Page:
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Creating Magnetic Fields. Text: Ch. 20 M. Blachly, AP Physics. Magnetic Field. Magnetic fields are created by moving charges. For a long, straight wire, the magnetic field circulates around the wire. Magnetic Field. Direction of B is given by right hand rule:

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creating magnetic fields

Creating Magnetic Fields

Text: Ch. 20

M. Blachly, AP Physics

magnetic field
Magnetic Field
  • Magnetic fields are created by moving charges.
  • For a long, straight wire, the magnetic field circulates around the wire.
magnetic field1
Magnetic Field
  • Direction of B is given by right hand rule:
  •  Thumb in direction of current, fingers curl in the direction of B
slide5

Ampère’s Law

Ampère’s law relates the magnetic field around a closed loop to the total current flowing through the loop.

slide6

Ampère’s Law

Ampère’s law can be used to calculate the magnetic field in situations with a high degree of symmetry.

slide7

Magnetic Field of a Long Straight Wire

The field is inversely proportional to the distance from the wire:

The constant μ0 is called the permeability of free space, and has the value:

summary
Summary
  • A current moving in a wire produces a magnetic field
  • A magnetic field produces a force on a wire that carries a current.
two wires
Two Wires
  • What will happen if there are two long, parallel wires that each carry a current?
slide10

Force between Two Parallel Wires

The magnetic field produced at the position of wire 2 due to the current in wire 1 is:

The force this field exerts on a length l2 of wire 2 is:

slide11

Force between Two Parallel Wires

Parallel currents attract; antiparallel currents repel.

a loop of wire
A loop of wire
  • What if we bend our wire into a loop?
solenoid
Solenoid
  • What if we bend our wire into lots of loops?
magnetic materials
Magnetic Materials
  • Electrons “orbit” the nucleus and also “spin”. This produces a magnetic field
  • Electrons generally pair up
    • most of the magnetic field cancels
magnetic materials1
Magnetic Materials
  • In some materials, the magnetic fields do not cancel
  • iron, cobalt and nickel
  • The atoms “align” in a small region and create a domain.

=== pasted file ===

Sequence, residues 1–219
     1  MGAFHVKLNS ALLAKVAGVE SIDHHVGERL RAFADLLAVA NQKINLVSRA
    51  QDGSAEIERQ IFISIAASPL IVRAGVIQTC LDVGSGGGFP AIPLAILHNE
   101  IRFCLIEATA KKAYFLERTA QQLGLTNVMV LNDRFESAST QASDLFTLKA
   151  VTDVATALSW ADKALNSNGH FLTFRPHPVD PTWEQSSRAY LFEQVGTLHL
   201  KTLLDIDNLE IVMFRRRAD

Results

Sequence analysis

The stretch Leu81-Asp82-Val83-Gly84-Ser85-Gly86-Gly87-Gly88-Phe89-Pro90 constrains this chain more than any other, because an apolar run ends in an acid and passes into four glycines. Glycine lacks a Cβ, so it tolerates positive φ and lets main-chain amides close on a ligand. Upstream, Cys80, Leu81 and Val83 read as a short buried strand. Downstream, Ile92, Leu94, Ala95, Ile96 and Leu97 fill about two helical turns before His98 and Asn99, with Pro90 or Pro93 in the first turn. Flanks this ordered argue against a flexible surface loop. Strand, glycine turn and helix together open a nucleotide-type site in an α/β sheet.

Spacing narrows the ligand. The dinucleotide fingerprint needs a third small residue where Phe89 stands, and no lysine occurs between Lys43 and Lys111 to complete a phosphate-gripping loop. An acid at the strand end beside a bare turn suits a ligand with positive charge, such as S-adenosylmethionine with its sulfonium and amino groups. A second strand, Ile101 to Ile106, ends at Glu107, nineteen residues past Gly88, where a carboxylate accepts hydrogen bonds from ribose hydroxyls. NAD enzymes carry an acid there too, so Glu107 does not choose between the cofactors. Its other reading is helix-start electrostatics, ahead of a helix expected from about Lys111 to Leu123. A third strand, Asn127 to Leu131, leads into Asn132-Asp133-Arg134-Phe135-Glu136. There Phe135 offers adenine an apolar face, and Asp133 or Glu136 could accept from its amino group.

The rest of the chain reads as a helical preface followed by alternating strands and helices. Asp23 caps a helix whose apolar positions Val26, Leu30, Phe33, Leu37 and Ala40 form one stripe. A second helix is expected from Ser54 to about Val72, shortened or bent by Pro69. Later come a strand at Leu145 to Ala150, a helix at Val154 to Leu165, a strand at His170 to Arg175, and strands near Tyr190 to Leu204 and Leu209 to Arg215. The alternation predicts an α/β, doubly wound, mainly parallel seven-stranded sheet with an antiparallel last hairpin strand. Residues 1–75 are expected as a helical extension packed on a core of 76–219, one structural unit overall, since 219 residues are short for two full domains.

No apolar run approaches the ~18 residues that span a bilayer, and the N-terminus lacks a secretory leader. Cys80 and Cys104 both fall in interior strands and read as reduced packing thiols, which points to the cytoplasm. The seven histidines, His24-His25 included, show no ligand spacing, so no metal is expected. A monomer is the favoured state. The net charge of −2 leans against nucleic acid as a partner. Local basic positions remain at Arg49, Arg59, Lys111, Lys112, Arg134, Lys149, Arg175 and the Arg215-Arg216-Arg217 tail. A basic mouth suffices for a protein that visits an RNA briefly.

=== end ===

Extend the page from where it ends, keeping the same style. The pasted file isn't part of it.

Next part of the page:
• The domains persist when the external magnetic field is removed
  • Also called “hard” magnets or permanent
paramagnetic material
Paramagnetic material
  • The magnetic spins align in small regions forming a domain.
  • Domains can align with an external magnetic field
  • The domains do not persist when the external magnetic field is removed
  • Also called “soft” magnets
nonmagnetic material
Nonmagnetic material
  • Atom has no net magnetic moment so there can be no domain
  • Exhibits no magnetic effects: magnets cannot “stick” to nonmagnetic metals
  • Example: copper, stainless steel
cores
Cores
  • Adding a core to a solenoid can greatly increase the magnetic field strength.
slide20

Applications

A galvanometer takes advantage of the torque on a current loop to measure current.

slide21

Applications

An electric motor also takes advantage of the torque on a current loop, to change electrical energy to mechanical energy.

slide22

Applications

Loudspeakers use the principle that a magnet exerts a force on a current-carrying wire to convert electrical signals into mechanical vibrations, producing sound.

slide23

Applications

A mass spectrometer measures the masses of atoms. If a charged particle is moving through perpendicular electric and magnetic fields, there is a particular speed at which it will not be deflected:

slide24

Mass Spectrometer

All the atoms reaching the second magnetic field will have the same speed; their radius of curvature will depend on their mass.

links
Links
  • Additional Links:
  • http://www.physics.sjsu.edu/becker/physics51/induction.htm
  • http://hyperphysics.phy-astr.gsu.edu/HBASE/magnetic/magcon.html#c1
  • All about how audio speakers work: http://electronics.howstuffworks.com/speaker6.htm
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